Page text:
Iran Takes Rice Biotech Lead
By Philip Brasher
Des Moines Register
January 22, 2006
Iran's nuclear scientists get all the ink. But the country's biologists are making some strides that could shake up agriculture.
The Iranians commercialized the first variety of genetically engineered rice last year.
No one expects this rice to leave the country. Iran doesn't produce enough rice as it is, and the type modified is a locally important variety.
But the crop is a landmark development in biotechnology nonetheless.
It was the first time that a biotech version of rice, one of the world's most important food crops, legally had gone into production.
Just as significantly, the Iranian crop, plus similar advancements in China, show that biotechnology is spreading beyond the industry giants such as Monsanto or Des Moines-based Pioneer Hi-Bred International that have led the way.
For advocates of agricultural biotech, who have been arguing for years that farmers in poor countries could be major beneficiaries of genetic engineering, here at last is some evidence.
Even if it is Iran.
"This is a very important contribution from the public sector in terms of genetically modified food crops," says Joel Cohen, who follows biotechnology developments for the International Food Policy Research Institute, a Washington-based think tank.
The Iranians as well as the Chinese, who also are close to commercializing their version of biotech rice, are doing their research in the public, rather than private, sector.
Iran's new rice plants are toxic to insect larvae known as stem borers. The Iranian scientists crafted the crop in the Philippines at the International Rice Research Institute, a sister organization of the International Food Policy Research Institute.
The rice contains a bacterium gene identical to one found in popular types of Bt corn that is now commonly grown in Iowa and throughout the Midwest. If the Iranians ever tried to export the rice, they could run into patent problems, says Cohen.
The rice was put through extensive safety testing before it was released to farmers, he says.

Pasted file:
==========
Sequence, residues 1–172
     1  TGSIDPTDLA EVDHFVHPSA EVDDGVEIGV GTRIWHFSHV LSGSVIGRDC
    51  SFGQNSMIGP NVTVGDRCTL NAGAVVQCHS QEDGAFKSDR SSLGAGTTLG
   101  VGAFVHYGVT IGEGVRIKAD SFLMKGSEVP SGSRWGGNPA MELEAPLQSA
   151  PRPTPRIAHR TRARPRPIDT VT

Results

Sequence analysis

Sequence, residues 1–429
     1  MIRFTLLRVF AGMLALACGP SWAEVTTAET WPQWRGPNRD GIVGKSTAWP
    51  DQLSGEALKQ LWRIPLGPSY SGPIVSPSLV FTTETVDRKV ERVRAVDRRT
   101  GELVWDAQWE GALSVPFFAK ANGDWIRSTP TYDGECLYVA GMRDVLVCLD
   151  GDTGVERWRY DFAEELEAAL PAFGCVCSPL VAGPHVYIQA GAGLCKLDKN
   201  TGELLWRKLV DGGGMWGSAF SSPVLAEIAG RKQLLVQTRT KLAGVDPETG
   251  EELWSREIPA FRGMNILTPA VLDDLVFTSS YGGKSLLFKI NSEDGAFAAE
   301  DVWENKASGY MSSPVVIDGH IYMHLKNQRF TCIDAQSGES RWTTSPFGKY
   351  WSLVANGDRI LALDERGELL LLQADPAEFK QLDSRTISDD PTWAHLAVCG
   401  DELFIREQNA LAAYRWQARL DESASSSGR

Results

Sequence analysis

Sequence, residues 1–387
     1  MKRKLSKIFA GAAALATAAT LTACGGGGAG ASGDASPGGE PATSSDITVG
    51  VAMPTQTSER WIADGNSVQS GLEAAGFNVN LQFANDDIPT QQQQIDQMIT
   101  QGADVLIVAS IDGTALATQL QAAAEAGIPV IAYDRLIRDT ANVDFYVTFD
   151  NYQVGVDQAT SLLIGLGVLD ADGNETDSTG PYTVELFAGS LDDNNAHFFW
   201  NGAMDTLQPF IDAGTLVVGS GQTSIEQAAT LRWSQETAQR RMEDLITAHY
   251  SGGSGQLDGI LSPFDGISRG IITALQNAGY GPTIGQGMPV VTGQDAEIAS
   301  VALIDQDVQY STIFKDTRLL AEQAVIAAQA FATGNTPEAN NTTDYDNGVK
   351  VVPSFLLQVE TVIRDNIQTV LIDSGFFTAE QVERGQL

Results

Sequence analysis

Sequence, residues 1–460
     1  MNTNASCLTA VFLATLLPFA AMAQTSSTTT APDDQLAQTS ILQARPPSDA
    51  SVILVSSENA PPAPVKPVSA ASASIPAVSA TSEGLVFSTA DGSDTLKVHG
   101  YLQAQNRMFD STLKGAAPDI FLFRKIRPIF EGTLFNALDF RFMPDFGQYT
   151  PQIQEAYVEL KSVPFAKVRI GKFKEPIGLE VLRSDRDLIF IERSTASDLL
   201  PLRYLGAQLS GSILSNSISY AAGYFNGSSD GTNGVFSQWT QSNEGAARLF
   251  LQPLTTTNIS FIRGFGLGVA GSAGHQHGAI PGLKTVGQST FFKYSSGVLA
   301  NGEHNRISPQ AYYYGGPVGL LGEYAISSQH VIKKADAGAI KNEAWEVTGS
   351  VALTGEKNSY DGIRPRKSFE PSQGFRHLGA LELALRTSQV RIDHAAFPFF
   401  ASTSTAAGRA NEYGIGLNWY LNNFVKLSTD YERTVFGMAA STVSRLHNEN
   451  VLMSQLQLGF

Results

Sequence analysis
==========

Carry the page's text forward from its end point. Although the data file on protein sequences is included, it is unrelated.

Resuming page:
And so far the results appear promising: Iranians report that their Bt rice raised yields by 10 percent to 2.2 metric tons per acre. The average U.S. yield is about 3.2 metric tons.
"This is an excellent demonstration of the fact that you can use new technologies but in very basic material requested by farmers in the developing world," Cohen says.
Between 500 and 1,000 Iranian farmers are believed to have grown the crop in 2005. Full commercialization is expected to start this year, but on less than 50,000 acres.
U.S. rice farmers won't have anything to do with biotechnology until it's accepted in markets such as Japan and Europe. Because much of their crop must be exported, U.S. farmers can ill afford to lose any markets.
But the developments in Iran, and especially in China, will turn up the pressure on the Bush administration to figure out how the government would handle imports of foods that have been bioengineered in other countries.
Believe it or not, the country that pioneered agricultural biotechnology isn't sure yet how it will treat the products of other countries' scientists.
To date, the only imports have been of material intended for research purposes.
The U.S. Agriculture Department is still trying to figure how it should regulate imports, and there are significant questions to be answered: Would every crop or transformation need separate approval? Would USDA treat the products of some countries more leniently than others, depending on how similar their regulatory structures are to the U.S. system?
USDA hopes to have a proposal ready later this year.
The government needs to be looking ahead before "something shows up at the door," says Michael Fernandez, executive director of the Washington-based Pew Initiative on Food and Biotechnology.
"It's not just going to be the U.S.-dominated commercialization that it once was," he says.